1. Whitespaces around operators make the code more readable (you use them almost everywhere except this method):

    public String toString() {
        return "play \t" + position + "\t" + stepsLeft + "\t"
               + jokingSkill + " \t" + score + "\n";
    } 
    
  2. Comments like // VARIABLES ---------- or // METHODS ---------- are useless (they do not contain any additional information). Adding comments for each individual method explaining what it does (especially for public ones) or what a field is used for is a good practice.

  3. An alternative for using switch statement is creating an array of constants. It can look like this:

    private static int[] stepsLeftForLevel = new int[]{150, 150, 100, 10};
    
    ...
    
    public Player(Position position, int difficultyLevel) {
        ...
        stepsLeft = stepsLeftForLevel[difficultyLevel];
        ...
    }
    

    It makes the code more readable in my opinion because all "magic" numbers are located in one place (and the code becomes more concise).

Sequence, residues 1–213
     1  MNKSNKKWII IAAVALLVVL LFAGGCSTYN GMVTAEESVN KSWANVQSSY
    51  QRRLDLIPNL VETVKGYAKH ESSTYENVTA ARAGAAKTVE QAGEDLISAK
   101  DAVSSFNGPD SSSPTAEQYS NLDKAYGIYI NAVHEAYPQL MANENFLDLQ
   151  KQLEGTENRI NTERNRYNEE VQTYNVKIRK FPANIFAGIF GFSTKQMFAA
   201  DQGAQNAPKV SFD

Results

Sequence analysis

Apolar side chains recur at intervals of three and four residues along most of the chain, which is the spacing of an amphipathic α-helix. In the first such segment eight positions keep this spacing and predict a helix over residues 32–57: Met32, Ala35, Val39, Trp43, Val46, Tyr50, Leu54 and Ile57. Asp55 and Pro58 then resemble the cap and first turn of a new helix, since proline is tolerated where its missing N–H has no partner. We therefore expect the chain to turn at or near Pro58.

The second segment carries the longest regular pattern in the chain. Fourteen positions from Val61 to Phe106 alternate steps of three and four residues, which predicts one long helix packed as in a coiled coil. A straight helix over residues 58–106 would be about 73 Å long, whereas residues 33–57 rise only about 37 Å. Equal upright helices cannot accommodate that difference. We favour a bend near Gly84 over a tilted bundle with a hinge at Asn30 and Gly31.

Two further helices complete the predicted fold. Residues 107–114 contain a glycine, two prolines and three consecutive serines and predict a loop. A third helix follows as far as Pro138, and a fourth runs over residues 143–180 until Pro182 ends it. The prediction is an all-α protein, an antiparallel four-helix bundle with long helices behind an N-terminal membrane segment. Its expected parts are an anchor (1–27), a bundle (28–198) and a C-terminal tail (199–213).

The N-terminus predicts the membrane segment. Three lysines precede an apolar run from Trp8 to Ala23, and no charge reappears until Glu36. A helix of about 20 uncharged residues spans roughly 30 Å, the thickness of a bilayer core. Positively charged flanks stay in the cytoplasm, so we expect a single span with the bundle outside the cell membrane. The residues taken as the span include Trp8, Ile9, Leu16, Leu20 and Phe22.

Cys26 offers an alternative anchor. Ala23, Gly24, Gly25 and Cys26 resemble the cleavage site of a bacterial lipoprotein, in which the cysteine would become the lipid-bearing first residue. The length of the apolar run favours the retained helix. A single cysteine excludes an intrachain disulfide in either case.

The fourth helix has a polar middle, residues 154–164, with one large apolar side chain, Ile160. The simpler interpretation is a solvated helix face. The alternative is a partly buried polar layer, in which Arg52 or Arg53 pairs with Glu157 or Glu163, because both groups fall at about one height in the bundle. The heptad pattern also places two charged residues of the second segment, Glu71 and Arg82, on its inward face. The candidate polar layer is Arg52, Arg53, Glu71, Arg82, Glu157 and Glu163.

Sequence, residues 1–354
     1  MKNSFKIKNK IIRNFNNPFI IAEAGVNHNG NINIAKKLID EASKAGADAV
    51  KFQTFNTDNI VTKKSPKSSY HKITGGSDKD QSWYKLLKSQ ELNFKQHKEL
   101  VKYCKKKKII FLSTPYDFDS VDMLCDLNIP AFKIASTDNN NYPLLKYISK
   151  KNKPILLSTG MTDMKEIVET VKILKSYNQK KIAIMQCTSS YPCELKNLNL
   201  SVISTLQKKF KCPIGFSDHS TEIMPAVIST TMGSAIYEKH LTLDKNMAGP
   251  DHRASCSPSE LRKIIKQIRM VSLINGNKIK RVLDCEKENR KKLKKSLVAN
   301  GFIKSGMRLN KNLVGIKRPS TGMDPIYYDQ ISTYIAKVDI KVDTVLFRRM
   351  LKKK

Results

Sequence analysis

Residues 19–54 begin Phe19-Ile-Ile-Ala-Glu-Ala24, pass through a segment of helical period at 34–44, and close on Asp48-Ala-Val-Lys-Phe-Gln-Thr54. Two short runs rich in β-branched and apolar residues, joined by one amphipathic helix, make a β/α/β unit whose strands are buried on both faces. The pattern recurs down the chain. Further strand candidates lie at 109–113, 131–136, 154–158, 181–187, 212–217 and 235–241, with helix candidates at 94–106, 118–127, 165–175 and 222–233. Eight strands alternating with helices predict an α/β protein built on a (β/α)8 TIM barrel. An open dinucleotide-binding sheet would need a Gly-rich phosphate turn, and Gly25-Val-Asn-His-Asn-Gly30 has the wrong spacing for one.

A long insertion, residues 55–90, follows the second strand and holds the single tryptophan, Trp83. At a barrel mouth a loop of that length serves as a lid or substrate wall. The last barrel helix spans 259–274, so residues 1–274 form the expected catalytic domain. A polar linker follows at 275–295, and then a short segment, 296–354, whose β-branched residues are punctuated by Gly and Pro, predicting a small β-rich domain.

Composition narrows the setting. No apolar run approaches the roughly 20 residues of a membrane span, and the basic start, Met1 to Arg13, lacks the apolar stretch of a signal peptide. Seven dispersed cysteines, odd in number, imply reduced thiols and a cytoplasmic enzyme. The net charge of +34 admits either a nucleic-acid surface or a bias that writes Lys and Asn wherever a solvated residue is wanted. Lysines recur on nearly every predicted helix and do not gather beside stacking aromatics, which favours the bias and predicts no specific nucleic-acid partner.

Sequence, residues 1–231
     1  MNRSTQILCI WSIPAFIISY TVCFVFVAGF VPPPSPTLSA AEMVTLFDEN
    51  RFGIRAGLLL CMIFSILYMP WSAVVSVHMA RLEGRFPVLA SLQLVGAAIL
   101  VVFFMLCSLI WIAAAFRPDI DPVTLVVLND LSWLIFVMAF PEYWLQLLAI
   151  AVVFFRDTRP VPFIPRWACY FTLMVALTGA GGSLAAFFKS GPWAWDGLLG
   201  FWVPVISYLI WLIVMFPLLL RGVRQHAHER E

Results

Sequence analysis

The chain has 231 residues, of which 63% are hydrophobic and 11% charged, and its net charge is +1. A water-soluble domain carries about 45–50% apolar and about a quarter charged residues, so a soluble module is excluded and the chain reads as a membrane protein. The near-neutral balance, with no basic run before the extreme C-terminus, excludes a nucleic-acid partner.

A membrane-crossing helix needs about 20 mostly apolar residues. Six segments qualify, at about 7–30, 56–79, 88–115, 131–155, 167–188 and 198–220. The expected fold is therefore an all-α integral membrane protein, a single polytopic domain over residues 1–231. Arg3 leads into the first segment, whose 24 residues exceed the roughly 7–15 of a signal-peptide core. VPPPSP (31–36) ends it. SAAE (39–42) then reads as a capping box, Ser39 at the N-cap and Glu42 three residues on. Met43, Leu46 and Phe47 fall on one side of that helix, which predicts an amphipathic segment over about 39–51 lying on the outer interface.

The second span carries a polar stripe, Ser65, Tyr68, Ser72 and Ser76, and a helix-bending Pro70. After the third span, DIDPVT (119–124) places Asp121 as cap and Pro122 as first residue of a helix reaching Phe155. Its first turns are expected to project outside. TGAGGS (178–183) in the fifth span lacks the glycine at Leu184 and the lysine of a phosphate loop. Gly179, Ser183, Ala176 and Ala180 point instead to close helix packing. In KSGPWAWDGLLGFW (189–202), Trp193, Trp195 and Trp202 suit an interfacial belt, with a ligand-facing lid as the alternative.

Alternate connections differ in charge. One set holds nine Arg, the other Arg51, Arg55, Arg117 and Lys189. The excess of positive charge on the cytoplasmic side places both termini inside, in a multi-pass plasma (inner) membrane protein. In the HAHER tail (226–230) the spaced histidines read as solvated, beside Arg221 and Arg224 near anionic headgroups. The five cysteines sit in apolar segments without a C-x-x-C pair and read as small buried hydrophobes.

4. There is no need to use this in a constructor unless the name of the field is shadowed by a parameter (that is, I would recommend using this only when it is necessary).

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There are a few things I can talk about here.

First, I would suggest using an enum instead of integers for the switch statement. So this:

    switch(difficultyLevel) {
    case 1: 
        this.stepsLeft = 150; 
        this.fightingSkill = 5; 
        this.jokingSkill = 5;

    case 2: 
        this.stepsLeft = 150;